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Translating content in Sitecore

We often create large multilingual websites based on Sitecore. Solutions that often involve translation of large amounts of content done by us, the client or a translation agency. Finding a good routine for translating content can be challenging and while translating directly in Sitecore is an option, professional translation often involves dedicated translation software where content is imported and translated in a more systematical way.

 

Sitecore


To facilitate this, Sitecore includes a feature for exporting and importing language-specific content via the Control Panel. Unfortunately, the feature is somewhat underdeveloped and includes some oddities. Also, the native file format used by Sitecore is fixed and may not be supported by third-party translation tools.

In this post I will first take a look at the format used by Sitecore and show you how language files can be handled and transformed programmatically. Then I will show you how the language file format can be completely overridden directly in Sitecore.

 

The Sitecore language file

First thing you need to know is: A Sitecore language file is simply an XML file containing a list of field values. Each field is represented by an XML node, called a phrase, with values listed as elements:

 

Example:

<phrase path="/sitecore/content/Home" key="Home" itemid="{22222222–2222–2222–2222–222222222222}" fieldid="Title" updated="20190101T010101Z">
    <da>Titel</da>
    <en>Title</en>
</phrase>

 

The path, key, itemid, and updated attributes all refer to the item containing the field — and the field is identified by the fieldid attribute. Each language is included as an element. Elements contain the raw value of the field as stored by Sitecore. Shared field and field with default or standard values are not included in the language file.

 

Exporting language files

The second thing you need to know is this: You export a language file from the Control Panel recursively from a single root node. It is not possible to export content from different parts of the content tree into a single language file, although, you can manually combine language files by simply copying all the phrases from one file to another. The order of the phrases has no significance and you can remove some phrases and keep others.

The list of language elements for each phrase includes only the language elements chosen during export. If an item does not exist on all the exported languages its phrases will only include the languages where it actually exists. The same happens if one language version uses standard value and another does not. So, it is entirely possible to have a language file where phrases with e.g. Danish and English are intermixed with phrases containing only English.

 

Importing language files

When you try to import a language file containing multiple languages you may come across a rather confusing oddity: During import, Sitecore presents you with a list of languages to import. But this list is compiled from the first phrase in the language file and does not consider other phrases in the file.

This means that you sometimes have to move a phrase, in the language you wish to import, to the top of the file in order to get Sitecore to recognize the language as present in the language file.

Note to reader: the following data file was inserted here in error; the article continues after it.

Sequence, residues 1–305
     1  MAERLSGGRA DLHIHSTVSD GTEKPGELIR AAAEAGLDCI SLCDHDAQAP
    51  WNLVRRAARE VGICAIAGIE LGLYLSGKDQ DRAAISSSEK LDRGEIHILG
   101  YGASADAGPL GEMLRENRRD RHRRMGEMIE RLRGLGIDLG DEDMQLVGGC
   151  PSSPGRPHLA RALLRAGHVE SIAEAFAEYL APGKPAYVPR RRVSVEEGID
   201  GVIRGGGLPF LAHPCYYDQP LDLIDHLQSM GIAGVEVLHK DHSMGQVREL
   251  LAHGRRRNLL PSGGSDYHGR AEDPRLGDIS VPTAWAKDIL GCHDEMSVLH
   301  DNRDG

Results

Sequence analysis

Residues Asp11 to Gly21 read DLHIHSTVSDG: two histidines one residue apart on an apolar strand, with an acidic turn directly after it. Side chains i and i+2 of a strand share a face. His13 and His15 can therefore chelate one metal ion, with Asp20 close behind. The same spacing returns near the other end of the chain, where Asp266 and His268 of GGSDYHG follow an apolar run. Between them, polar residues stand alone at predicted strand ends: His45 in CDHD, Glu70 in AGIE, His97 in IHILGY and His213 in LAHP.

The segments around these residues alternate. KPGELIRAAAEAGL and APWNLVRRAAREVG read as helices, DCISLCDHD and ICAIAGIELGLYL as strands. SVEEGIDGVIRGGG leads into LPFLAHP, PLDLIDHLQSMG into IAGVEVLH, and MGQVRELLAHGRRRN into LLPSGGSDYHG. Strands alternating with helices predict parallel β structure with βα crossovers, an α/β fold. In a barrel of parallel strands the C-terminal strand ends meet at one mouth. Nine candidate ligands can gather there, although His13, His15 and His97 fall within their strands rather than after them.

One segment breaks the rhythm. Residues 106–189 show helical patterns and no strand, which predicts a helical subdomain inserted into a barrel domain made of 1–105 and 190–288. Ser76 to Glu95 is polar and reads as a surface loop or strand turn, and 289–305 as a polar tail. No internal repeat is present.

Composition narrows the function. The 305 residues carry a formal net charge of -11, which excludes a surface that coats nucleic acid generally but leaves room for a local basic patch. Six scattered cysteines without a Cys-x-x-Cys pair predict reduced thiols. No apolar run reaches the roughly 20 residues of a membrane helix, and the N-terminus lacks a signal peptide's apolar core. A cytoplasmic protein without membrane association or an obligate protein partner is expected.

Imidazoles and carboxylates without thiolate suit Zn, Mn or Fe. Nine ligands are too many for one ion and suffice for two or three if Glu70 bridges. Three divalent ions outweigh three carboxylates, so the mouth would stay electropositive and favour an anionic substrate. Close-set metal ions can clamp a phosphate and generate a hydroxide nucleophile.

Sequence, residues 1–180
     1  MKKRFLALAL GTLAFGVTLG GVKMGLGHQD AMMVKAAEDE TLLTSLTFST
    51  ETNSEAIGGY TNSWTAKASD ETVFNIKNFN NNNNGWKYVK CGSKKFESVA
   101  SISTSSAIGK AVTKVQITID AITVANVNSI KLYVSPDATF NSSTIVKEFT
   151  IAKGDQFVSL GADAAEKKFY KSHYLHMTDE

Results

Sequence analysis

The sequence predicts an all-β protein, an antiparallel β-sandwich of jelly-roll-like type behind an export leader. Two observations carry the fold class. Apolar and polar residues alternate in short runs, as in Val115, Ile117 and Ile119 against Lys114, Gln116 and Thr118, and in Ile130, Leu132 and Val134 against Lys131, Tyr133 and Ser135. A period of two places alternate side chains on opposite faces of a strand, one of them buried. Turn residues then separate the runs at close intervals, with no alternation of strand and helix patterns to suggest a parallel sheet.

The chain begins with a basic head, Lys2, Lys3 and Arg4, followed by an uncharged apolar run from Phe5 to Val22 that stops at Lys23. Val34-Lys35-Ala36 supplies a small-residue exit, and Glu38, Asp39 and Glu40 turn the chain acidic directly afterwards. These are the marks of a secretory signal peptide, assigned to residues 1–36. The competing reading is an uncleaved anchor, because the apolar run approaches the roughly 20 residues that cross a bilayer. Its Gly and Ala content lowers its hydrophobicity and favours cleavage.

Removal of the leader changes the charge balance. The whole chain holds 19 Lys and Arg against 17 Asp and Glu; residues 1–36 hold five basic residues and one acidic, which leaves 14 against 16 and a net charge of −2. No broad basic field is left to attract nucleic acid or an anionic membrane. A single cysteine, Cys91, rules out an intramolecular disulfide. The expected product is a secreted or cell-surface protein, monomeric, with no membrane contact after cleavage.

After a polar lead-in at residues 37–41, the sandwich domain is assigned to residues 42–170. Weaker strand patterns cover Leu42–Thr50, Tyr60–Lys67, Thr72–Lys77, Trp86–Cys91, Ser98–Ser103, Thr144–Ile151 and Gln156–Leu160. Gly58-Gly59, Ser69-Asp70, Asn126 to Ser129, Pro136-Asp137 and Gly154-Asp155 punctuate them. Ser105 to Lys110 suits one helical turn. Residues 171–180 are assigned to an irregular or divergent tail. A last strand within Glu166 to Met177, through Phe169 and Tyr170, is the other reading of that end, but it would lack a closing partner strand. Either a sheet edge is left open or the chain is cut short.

Limitations of the language file format

The language file format has no notion of versions and only contains the latest version of an item’s fields. Sitecore does not use the updated attribute to identify a specific version but simply updates the most recent version.

Also, as you might notice, the language file identifies the fields by field name and not field id — this means that language file format does not support duplicate field names on an item, whereas other parts of Sitecore do (although, generally not recommended). In fact, duplicate field names will mess up the language file. So, if you have a duplicate field named Title on the Home item, it will be exported as:

 

Example:

<phrase path="/sitecore/content/Home" key="Home" itemid="{22222222–2222–2222–2222–222222222222}" fieldid="Title" updated="20190101T010101Z">
    <da>Titel 1</da>
    <da>Titel 2</da>
</phrase>

 

The two separate fields are combined into a single phrase and although the order of the language elements is fixed it is not necessarily the order of the fields. If you try to import such a phrase, the first Title field is updated twice while the second is left untouched — so, even though you keep the language elements sorted the import will not work.

 

Sitecore

 

Handling language files programmatically

But how can you make it work? We have developed a suite of utilities to handle language files by e.g. combining, editing and filtering files. A phrase is represented by this simple class:

 

Example:

public class Phrase
{
    public Phrase()
    {
        Languages = new Dictionary<string, string>();
    }    public string Updated { get; set; }
    public string FieldId { get; set; }
    public string ItemId { get; set; }
    public string Key { get; set; }
    public string Path { get; set; }
    public IDictionary<string, string> Languages { get; set; }
    public override string ToString()
    {
        return $"{$Path/$FieldId}";
    }
}